My non-geek friends should probably just tune out now. My geek friends who don't care about my car hobby probably won't care too much about this either. ;)
I've written a rudimentary, but automated, SH2 disassembler in Python. It's licensed under the GNU General Public License (Version 3), and can be downloaded from here:
(You'll need all files from that folder ending in .py, or just click on "zip" in the left-hand sidebar to download a zipped version of the whole project.)
This is not an IDA Pro replacement. That being said, my motivation was not having to point folks who are interested in ECU development toward a $1000 code analysis package that they'll only end up using 1% of. And let's be honest: those people I pointed at IDA probably just ended up pirating it. :(
As of now it has no user interface at all, simply a demo application (dis.py) that, given a ROM image from an Evo VIII or IX (and probably most other 7052- or 7055-based platforms, such as the Hayabusa ECU), tries to perform an automatic disassembly by following interrupt vectors.
Segment handling is modeled after IDA, and I've tried not to torpedo the possibility of implementing other processors (specifically, H8/500, HC11, and HC16, all of which I have a personal interest in), but I just haven't had the time to think about that yet. The output doesn't currently include IDA's comment-based cross-references, although that information is tracked and could be added pretty easily. It automatically labels "known" (ie. from the platform docs) vectors and registers, and can follow most branches; it's not smart enough to recognize a few known jsr/jmp table patterns, but it's on the to-do list. Branch handling is done by doing very basic register assignment tracking, and there's a ton of room for improvement here (but it seems to be good enough for "in the wild" Evo ROMs right now).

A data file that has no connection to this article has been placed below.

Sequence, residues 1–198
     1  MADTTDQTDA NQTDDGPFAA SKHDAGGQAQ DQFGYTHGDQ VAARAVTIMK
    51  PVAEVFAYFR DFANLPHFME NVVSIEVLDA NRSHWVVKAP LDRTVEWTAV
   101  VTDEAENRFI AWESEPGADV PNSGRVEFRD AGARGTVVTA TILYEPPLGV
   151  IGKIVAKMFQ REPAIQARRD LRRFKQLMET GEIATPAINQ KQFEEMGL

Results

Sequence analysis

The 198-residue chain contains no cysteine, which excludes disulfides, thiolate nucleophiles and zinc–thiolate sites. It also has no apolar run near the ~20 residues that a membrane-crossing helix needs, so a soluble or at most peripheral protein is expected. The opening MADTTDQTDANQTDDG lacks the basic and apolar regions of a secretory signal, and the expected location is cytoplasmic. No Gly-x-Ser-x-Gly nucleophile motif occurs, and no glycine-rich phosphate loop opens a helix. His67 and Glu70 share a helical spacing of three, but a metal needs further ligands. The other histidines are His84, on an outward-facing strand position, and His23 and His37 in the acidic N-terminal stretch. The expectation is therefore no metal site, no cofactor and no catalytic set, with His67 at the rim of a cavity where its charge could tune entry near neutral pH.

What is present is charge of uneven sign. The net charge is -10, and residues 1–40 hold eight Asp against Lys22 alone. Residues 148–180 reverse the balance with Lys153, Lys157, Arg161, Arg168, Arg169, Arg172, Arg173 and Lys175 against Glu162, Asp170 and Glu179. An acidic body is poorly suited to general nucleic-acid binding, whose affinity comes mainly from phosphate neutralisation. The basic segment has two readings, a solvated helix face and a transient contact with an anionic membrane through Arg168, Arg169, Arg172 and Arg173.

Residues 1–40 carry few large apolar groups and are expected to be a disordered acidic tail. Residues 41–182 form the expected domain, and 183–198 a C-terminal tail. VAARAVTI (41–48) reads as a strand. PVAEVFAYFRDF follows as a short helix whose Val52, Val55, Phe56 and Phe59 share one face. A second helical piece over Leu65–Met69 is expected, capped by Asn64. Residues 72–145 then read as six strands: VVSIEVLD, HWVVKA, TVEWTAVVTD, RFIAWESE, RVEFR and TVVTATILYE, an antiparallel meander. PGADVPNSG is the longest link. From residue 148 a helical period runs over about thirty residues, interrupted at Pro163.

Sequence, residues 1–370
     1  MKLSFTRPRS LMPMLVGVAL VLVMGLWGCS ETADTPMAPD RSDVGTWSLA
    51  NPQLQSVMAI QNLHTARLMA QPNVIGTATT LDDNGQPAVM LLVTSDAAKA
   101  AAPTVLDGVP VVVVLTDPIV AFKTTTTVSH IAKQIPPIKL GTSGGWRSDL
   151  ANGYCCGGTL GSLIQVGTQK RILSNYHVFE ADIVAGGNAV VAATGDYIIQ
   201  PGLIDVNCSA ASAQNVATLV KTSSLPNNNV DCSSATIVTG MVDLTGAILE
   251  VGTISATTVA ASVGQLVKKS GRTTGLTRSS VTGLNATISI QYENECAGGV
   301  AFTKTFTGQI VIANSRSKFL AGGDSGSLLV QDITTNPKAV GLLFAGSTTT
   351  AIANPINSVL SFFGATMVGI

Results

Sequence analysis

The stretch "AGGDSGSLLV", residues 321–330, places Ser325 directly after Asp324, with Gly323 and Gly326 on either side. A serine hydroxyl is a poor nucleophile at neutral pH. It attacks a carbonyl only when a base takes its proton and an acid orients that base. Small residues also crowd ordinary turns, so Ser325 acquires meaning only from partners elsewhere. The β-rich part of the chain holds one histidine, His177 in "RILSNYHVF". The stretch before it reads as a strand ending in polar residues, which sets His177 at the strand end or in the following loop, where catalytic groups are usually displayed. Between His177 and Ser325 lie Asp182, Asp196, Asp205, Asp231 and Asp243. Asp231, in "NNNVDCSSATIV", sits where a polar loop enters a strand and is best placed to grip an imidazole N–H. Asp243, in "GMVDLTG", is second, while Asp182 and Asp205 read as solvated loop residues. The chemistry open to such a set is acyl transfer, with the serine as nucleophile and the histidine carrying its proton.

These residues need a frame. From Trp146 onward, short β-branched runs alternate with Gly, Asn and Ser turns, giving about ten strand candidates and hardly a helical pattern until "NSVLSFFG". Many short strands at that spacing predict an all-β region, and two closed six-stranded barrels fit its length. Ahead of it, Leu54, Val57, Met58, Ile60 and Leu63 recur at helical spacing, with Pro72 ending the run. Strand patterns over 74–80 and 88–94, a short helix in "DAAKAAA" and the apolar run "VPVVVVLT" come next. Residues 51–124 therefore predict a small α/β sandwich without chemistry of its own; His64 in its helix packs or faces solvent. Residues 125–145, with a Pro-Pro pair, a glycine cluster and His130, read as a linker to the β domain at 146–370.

It requires Python 2.6. Python 2.5 and 3.0 will not work, period, full-stop. I'm not interested in porting to Py3k just yet (it needs a little wider adoption first), and I'm making pretty heavy use of 2.6/3.0 string formatting, making it a PITA to make it compatible with 2.5 at this point.
In case it's not completely obvious yet: this is NOT end-user software. The target audience for this is other Evo developers right now, and probably only those with a solid working knowledge of both IDA and python. Knowing SH2 assembly wouldn't hurt, either. ;)
Performance is not quite where I'd like it to be right now; it takes about 30 seconds on my old dev machine (Dual PIII 1GHz, Linux) to run through a complete disassembly and output, which feels a bit slower than IDA's automated analysis. I'll be very honest, I'm not worrying much about that just yet, since there's so much additional work to be done elsewhere. (If anyone reading this feels like tackling the main bottleneck, it's in sh2.py, in disasm_single(); a short-circuiting instruction matching scheme in there, perhaps along with better opcode storage in sh2opcodes.py, would probably cut runtime by more than half.)
It's probably extremely buggy, and the source is certainly a mess as it sits right now. Bug reports and patches are welcome.